Great article! If it’s any encouragement, my journey mirrors yours almost exactly…and I landed on my feet. I worked seven years in an administrative role at a professional services firm, got laid off I nearly 2009. Also decided to transition to nonprofit arena. Was unemployed for 1-1/2 years, during which I volunteered at nonprofits, took classes, did an internship. Eventually a job opened up at a local nonprofit…and I was able to get a recommendation from one of my volunteer gigs, and got hired. It is rewarding…but heads up, salaries are less than the for-profit arena…but benefits are better. Good luck. You’re doing all the right things!

  7. Thank you for all the great comments. I wish everyone good luck in their quest for a meaningful job. Thank you Idealist for being a great website to search for jobs, great articles and help for all those looking for work and seeking something more.

  8. Thank you all so much for sharing your situations…somehow it helps a bit knowing that I am not singled out in my situation. There is some sort of comfort knowing that I am not alone. I will follow the examples here to make myself busy productively. I am an RN , but in administrative support and had been in Medicare B review to review claims that were aberrant or abusive
    ( medicare as well as medicaid have very high fraud issues. I even briefly worked as a nurse consultant in the fraud dept, worked in VA to implement the Interqual criteria to improve the need of the inpt stay…………well , anyway , as you can see I have the education as an RN and the experience in my specialty/area……..but very few takers… there were some in between hiring and my employment did not last —-employers for some reason (nowadays) do not seem to believe in tenure w/ their new employees, so they train short and fragmented and others let you go because “not a fit” or not in their “culture”. Most if not all , my previous job positions, I was” trained in house” and time was not an issue because mentors in these places made the job learniing more efficient and successfull. I noted that some employers in these days do not want to train longer nor are they invested in the tenure of their new employees. Must be the economy or more people than jobs, and yes, the benefits are going away . I truly thank all of you to bare your frustrations to others ’cause it gives us some extended hopes. In all of this ongoing, try not to forget to have compassion for yourself.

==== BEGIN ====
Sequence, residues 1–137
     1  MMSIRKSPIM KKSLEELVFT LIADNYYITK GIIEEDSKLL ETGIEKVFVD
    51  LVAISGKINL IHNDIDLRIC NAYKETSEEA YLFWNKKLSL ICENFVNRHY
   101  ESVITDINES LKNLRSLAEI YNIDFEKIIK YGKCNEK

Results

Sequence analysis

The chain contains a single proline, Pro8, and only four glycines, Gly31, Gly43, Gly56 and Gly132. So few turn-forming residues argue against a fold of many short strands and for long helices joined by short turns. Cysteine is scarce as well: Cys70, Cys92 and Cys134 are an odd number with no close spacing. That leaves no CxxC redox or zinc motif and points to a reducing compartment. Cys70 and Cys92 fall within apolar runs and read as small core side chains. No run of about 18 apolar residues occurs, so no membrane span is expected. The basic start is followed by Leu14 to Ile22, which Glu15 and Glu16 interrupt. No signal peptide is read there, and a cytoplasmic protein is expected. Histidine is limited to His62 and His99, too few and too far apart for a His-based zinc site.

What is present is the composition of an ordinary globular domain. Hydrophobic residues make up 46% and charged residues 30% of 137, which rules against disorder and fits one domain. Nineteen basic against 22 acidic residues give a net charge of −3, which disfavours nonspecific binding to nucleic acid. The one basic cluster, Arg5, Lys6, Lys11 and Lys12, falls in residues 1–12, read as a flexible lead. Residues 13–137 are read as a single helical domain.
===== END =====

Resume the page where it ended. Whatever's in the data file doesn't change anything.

My heart goes to all that is still searching meaningful jobs , but most specially to the ones that is carrying the burden of unemployment and an ongoing life crisis such as a divorce. I have been there too. My advice is to keep on chugging , do what you can that is in your control, and keep your heads up. These too , will pass……….